1
Photo Credit: @RobbieRay

More fastballs, more strikes, more success for Robbie Ray

Robbie Ray has had a strong start to the season for the Blue Jays. His first two starts were very Robbie Ray-esque. Ray allowed two runs in 10 innings against the Yankees and Royals, with nine walks versus just six strikeouts. Ray limited the damage as he only allowed one home run in those two starts, even though the Blue Jays lost both of those games; they could have been much worse.

In his next two starts the home run was back, Ray allowed three homers accounting for all five of the runs he allowed. But he struck out 14 batters, didn’t walk anyone and pitched deeper into the games, throwing 12.2 innings. You total everything together and Ray has a sparkling 2.78 ERA but with a 4.73 expected ERA, a 4.83 FIP and 4.33 xFIP. Indicating Ray hasn’t pitched as well as his ERA suggests and that regression is coming.

Advertisement - Continue Reading Below

Regression is certainly coming soon for Ray. A 93.5% left on base rate and a .237 batting average on balls in play is not sustainable over a full season. Ray however is doing certain things differently this year, which will help him continue to succeed even as certain things regress.

For Ray everything starts with the fastball. His velocity on his four-seamer is averaging 95.3 miles per hour, an increase of 1.5mph from 2020. If this holds all season this would be the fastest average velocity of his career. Ray has touched 98 three times already this season per Baseball Savant, something he has only done eight times prior to this year, all back in 2016. As with most pitchers, the harder you throw the more success you have, and Ray is no exception to that. Look at the success he has when pitching in different velocity bands.

Fastball Velocity Pitches K% wOBA against
92-93 1282 22.2 .340
93-94 1682 22.8 .342
94-95 1820 24.0 .307
95-96 1365 32.7 .293
96-97 712 41.6 .243
97+ 173 46.4 .232

Data courtesy of Baseball Savant

The more velocity Ray can throw with the better he is. The sweet spot for him is keeping his fastball above 94 mph.

Advertisement - Continue Reading Below
Fastball Velocity Pitches K% wOBA against
<94 3960 19.2 .374
94+ 3772 31.2 .280

 Data courtesy of Baseball Savant

He’s thrown a similar number of fastballs above 94 and below 94 and the results are striking. When his four-seamer is thrown below 94 mph, hitters turn into 2019 Marcus Semien. When he’s throwing harder than 94, hitters become 2019 Derek Fisher.

What do you do with a fastball this good? You throw it, a lot.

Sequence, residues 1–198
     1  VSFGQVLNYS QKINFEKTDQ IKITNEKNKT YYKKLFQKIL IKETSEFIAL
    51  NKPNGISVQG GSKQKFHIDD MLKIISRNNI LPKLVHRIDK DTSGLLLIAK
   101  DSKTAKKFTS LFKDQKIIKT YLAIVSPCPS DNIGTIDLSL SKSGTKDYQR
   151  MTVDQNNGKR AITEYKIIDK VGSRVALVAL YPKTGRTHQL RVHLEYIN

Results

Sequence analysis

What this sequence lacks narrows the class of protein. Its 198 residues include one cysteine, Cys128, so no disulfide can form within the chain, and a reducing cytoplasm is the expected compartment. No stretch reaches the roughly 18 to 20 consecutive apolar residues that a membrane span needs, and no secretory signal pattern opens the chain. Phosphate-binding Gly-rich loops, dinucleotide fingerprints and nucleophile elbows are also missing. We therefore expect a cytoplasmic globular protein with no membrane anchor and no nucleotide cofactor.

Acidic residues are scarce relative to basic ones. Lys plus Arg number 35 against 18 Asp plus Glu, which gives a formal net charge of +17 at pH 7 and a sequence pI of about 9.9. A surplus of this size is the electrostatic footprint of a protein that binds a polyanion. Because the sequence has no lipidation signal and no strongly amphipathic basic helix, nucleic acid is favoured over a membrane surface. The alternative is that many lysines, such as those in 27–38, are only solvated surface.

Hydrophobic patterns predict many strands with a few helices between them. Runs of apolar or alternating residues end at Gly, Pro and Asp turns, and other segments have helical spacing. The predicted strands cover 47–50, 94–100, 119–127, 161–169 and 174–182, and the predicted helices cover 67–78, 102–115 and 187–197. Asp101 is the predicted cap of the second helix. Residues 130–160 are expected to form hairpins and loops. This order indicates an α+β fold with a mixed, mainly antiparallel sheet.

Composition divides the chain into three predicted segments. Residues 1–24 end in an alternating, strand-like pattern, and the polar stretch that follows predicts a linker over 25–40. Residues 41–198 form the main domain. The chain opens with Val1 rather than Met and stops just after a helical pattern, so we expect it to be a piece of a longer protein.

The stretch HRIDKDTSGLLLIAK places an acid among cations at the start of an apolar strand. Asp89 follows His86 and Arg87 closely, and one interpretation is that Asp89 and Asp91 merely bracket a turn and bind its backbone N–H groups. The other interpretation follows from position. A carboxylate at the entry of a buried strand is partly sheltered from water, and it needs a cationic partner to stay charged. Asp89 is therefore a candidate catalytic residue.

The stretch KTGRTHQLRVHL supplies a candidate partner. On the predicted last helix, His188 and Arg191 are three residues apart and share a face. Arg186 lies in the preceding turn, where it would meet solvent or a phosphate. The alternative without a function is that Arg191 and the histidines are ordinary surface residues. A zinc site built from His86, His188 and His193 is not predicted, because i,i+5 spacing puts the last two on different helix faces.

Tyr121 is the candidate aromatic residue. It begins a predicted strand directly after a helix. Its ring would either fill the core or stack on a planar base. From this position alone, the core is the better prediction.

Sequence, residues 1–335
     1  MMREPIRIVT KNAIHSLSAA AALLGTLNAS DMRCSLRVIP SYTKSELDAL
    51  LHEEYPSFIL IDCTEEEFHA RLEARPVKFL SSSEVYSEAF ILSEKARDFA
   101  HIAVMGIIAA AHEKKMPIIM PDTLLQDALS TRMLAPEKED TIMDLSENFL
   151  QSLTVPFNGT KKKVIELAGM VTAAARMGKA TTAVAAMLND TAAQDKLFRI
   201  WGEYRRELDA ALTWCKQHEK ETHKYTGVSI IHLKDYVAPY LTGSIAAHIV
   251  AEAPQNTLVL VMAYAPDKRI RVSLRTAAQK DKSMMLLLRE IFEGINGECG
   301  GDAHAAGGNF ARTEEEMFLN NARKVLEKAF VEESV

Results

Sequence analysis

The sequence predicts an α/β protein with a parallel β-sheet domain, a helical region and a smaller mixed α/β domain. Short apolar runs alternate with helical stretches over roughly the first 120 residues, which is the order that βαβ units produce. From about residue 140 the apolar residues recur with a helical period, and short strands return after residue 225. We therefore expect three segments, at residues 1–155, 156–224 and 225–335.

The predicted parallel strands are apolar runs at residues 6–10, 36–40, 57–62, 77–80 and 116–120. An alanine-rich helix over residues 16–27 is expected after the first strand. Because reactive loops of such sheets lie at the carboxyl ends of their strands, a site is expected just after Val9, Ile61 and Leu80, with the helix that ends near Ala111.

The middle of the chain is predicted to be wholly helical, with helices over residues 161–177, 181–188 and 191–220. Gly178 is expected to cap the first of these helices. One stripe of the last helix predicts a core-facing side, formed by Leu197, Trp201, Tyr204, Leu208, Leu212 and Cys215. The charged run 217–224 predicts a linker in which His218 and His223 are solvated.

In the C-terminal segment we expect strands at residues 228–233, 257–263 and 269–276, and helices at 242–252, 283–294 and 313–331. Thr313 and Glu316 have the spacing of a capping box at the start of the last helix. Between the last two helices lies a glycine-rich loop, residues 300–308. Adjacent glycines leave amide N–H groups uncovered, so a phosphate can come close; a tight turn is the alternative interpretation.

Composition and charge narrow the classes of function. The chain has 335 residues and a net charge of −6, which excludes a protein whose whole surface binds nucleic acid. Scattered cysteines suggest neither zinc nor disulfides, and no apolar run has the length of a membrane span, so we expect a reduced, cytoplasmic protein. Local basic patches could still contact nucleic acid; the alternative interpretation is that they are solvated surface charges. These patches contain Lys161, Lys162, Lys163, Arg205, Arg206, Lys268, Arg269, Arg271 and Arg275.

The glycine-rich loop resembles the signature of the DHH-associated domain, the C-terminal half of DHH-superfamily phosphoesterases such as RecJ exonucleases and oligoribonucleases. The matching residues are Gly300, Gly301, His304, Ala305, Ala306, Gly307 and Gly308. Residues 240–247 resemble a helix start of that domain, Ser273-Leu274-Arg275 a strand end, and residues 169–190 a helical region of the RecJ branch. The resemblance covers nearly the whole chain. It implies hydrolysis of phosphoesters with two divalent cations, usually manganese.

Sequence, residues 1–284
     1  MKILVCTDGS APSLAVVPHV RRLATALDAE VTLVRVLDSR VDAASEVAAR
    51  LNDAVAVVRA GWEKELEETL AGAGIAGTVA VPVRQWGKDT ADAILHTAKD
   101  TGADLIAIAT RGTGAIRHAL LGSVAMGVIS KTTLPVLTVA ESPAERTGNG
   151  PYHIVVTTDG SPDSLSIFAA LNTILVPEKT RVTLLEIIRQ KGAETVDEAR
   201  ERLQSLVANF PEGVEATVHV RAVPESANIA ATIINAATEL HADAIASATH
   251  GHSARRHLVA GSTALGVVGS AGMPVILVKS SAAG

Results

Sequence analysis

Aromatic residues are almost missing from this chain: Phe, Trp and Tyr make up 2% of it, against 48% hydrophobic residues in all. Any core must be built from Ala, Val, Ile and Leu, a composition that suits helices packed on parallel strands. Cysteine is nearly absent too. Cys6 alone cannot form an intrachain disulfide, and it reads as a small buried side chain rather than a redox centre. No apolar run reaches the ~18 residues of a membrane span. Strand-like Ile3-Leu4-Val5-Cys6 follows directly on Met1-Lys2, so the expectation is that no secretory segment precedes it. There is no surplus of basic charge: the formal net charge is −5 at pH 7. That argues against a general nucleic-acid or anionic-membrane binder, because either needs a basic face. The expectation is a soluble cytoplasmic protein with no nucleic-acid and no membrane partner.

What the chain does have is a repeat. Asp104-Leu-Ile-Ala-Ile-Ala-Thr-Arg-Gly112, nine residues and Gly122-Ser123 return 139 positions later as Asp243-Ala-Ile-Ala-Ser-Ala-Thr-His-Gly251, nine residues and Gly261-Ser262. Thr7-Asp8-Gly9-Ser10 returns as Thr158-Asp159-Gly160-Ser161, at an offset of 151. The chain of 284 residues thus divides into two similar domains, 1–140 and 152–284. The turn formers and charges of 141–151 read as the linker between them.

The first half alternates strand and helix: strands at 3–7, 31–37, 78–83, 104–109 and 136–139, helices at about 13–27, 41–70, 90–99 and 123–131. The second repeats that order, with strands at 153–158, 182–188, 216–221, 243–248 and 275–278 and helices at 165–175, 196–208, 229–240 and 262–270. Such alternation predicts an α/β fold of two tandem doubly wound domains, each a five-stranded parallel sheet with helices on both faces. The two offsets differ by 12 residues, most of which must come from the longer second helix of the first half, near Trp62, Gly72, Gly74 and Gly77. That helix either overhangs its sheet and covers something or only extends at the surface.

Advertisement - Continue Reading Below

Ray is throwing his fastball 60.5% this season. A massive 13.2% increase over last season. Ray hasn’t thrown his fastball this often since he was a rookie in 2014. Most of the fastballs Ray is throwing are right over the heart of the plate.

Advertisement - Continue Reading Below

The increased fastball velocity has allowed Ray to challenge hitters in the strike zone. When throwing 92 mph the location needs to be perfect and pitches in that location end up over the fence.  At 95 mph you get swings and misses and weak contact. Ray is throwing his fastball in the strike zone 38.4% of the time. This is the highest rate of his career, and a significant increase over the previous two seasons. This has fueled a 67.8% first pitch strike rate. Once again the highest rate of his career, and the seventh largest increase in the league.

As we can see in the image above, all these extra fastballs Ray is throwing is coming at the expense of his slider. For the first time he is throwing as many curveballs as sliders. The slider which has been Ray’s primary strikeout weapon for his career was reshaped a little bit by the Blue Jays this off-season. When Ray changed his arm slot with the Diamondbacks in 2020, it gave him a slider with a higher spin rate, more velocity and less drop than he had before. With the Blue Jays this season, the slider, much like the fastball has seen a velocity increase. The slider has even less drop, an inch more of break, but at lower spin rate. Giving him a slider that looks like this:

This slider to Yandy Díaz is the only slider Ray has recorded a strikeout on this season, if you can believe it. This is a pitch that had a 21.9% swinging strike rate last season, and a pitch Ray leaned on for 34 of his 68 strikeouts. Ray is only striking out 7.94 batters per nine innings this season, and that slider is the reason why. Ray has been leaving the slider out over the plate and its getting hit.

Batters have hit .357 with a .643 slugging against Ray’s slider this year. Per FanGraphs, Ray’s slider has a 53.8% groundball rate this year, which has helped Ray to a 44.4% groundball rate for the season. But you are playing with fire leaving a slider out over the heart of the plate like this. It’s only been 61 pitches so this is likely a small sample size issue, than anything Ray is doing intentionally.

Getting that slider down in the zone and more of a strikeout pitch will be key for Ray’s success. Hits are going to start falling and the BABIP will rise, but being able to get a big strikeout will help limit the damage and get out of jams. Ray with his fastball has been able to get ahead of batters and limit walks. He’s been stranding almost everyone on base, and while that won’t continue, being able to get double plays and keeping the ball on the ground will keep the ball in the park and avoid those big blow up innings.